Tag Archives: IIHF

Russians still don’t get it: their unsportsmanlike behaviour deserves punishment, not alibis

Russian sports minister Vitalyi Mutjko agrees Team Russia shouldn’t have left the ice after losing to Canada in last month’s world championship finals before O Canada was played. Still, he maintains, if the organizers didn’t open the gate, his country’s players would have never done that.

This seems to be a bit at odds with the latest news coming from Moscow: Russian hockey federation plans to punish a few people for the incident. General manager Andrei Safronov and head coach Oleg Znarok seem to be the targets. That, at least, is what Arkadi Rotenberg is saying. His word carries some weight: he sits on the board of the Russian hockey federation, and he also serves as Dinamo Moscow president.

“Yes, people will face consequences,” Rotenberg says, “and the general manager and head coach were right there to make sure our players stayed to hear Canada’s anthem.”

Of course, considering that International Ice Hockey Federation (IIHF) President René Fasel is on the record as saying the Russian federation will face a punishment meted out by his organization, Rotenberg’s next words were not surprising: “It wasn’t planned for our players to insult Team Canada, and it wasn’t planned ahead, either.”

Nobody’s talking about planning. Everybody’s talking about lacking sportsmanship and behaviour worthy of a butcher’s dog, to use the local lingo in translation. Besides, Fasel stood there, in shock, watching Team Russia captain Ilya Kovalchuk order his teammates to leave as soon as they collected their medals and shook the Canadian players by the hand. Only very few Russian players, led by superstars Alexander Ovechkin and Evgeni Malkin, stayed, and Kovalchuk skated toward them and very forcefully insisted that they leave the ice before a live orchestra gathered to render the Canadian anthem.

There was no sign of either Safronov or Znarok, and it makes no difference, either: this was not Kovalchuk’s first international tournament, and he would be expected to know the rules.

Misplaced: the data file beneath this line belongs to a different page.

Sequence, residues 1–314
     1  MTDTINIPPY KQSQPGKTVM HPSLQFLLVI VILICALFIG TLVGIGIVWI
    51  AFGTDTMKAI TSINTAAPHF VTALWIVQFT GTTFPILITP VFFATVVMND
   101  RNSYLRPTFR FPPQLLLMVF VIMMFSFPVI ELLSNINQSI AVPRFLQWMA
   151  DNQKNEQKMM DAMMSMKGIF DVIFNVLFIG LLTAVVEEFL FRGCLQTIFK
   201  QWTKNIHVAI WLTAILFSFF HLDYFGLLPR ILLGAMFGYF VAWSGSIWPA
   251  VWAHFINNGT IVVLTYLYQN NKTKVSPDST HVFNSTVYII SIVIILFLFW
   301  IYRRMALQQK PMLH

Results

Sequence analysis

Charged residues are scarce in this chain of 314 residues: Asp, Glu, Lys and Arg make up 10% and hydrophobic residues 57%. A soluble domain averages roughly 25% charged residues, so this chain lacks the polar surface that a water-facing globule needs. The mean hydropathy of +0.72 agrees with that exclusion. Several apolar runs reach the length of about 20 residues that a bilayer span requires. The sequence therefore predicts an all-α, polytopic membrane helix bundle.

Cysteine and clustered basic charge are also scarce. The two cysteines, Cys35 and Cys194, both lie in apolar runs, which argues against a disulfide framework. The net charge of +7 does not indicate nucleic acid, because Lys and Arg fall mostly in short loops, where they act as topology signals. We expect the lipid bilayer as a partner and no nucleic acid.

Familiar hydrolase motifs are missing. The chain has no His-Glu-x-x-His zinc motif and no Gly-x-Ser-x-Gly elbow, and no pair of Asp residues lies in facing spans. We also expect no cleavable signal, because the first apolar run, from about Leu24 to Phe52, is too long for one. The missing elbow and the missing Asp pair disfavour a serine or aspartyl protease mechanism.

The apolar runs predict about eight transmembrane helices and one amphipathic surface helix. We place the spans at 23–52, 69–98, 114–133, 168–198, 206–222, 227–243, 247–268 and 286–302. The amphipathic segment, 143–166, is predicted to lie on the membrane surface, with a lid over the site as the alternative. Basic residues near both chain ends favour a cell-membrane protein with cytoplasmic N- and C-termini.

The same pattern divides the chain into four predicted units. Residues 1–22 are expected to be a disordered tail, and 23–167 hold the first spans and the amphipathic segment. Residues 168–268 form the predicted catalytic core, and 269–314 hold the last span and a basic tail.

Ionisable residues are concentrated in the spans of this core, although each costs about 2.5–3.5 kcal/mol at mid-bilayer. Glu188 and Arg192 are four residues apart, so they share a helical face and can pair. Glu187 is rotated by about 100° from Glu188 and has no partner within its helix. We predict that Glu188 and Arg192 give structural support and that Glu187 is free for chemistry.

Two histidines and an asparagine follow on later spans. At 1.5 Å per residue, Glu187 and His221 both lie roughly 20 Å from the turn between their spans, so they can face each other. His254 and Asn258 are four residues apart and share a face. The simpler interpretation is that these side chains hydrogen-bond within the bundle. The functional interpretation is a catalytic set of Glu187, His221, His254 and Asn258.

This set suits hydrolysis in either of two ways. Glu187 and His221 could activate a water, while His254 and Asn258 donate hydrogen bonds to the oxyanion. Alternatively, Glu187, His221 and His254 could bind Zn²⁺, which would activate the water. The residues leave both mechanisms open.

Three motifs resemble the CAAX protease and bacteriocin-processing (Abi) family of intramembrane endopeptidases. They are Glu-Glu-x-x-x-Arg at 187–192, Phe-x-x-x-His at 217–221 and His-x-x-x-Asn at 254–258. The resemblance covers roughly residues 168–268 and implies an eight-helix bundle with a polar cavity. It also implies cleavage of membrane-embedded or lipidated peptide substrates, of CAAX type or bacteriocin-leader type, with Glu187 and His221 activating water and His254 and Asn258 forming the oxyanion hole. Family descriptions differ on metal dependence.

Besides, ignorance is no excuse.

“Safronov and Znarok are aware of what they did wrong,” thus Rotenberg, “and I believe that this will never happen again.”

A nice change from sports minister Mytjko’s qualifier that, while wrong, Team Russia players were not to blame. If it weren’t for a gate opened by the organizers, they would have stayed. He simply echoed Russian hockey federation president Vladislav Tretiak’s assurances that it was the Czechs who were the guilty party. They could have kept his team on the ice if only they didn’t open the gate.

The only English-written newspaper published in Moscow, The Moscow Times, has come up with an interesting take. The paper described, tongue in cheek, what would happen if Canadian players left the ice before they heard Rossia Sviaschennaia Nasha Derzhava, formerly known as Soyuz Nerushimyi.

“The investigators find,” thus The Moscow Times spoof, “that Team Canada, by leaving the ice before hearing the Russian anthem, have committed a criminal act comparable to abuse of the national flag of Russia. If found guilty, they will have to install toilet seats in all of the KHL arenas all over Russia, as punishment.”

Fine and dandy as it goes.

But let’s cut to the chase: what punishment will Safronov and Znarok face? Any consequences for team captain Kovalchuk?

“First, we’ve got to see what the IIHF is going to do,” said Rotenberg. “We’ll make our decision based on that.”

In his land, they have an expression for this kind of behaviour. They call it alibism.

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Team Russia shows no sense of decency

This is called sportsmanship at its best.

After Team Canada won the world championship 2015 title in the O2 Arena in Prague, Czech Republic, Sunday, it took the vanquished team quite some time to skate over and accept their silver medals from International Ice Hockey Federation (IIHF) President René Fasel.

In fact, Fasel had to keep waving at the Russians for almost a minute to convince them to come over and collect what was deservedly theirs.

But that wouldn’t be the end of it.

What happened then was even more shocking. Not surprising: something like that had happened in other, similar situations, too. And it always involved Russian teams in one shape or another. But one would have expected that the Russians would have learnt their lesson by now and not stoop to this kind of scandalous behaviour yet again. When Team Russia captain Ilya Kovalchuk saw the IIHF dignitaries began distributing gold medals to the winners from Canada, he ordered his teammates to leave the ice. He waited by the door to the bench to see that the entire squad leaves.

To their credit, a small group that included Team Russia’s brightest stars, Alexander Ovechkin and Yevgeni Malkin, remained at the blue line. Kovalchuk kept ordering them to leave forthwith, while Ovechkin was gesticulating back that good manners dictate they should stay there till the end of the ceremony. Or, at least, until Team Canada captain Sidney Crosby receives the championship cup and O Canada had been played.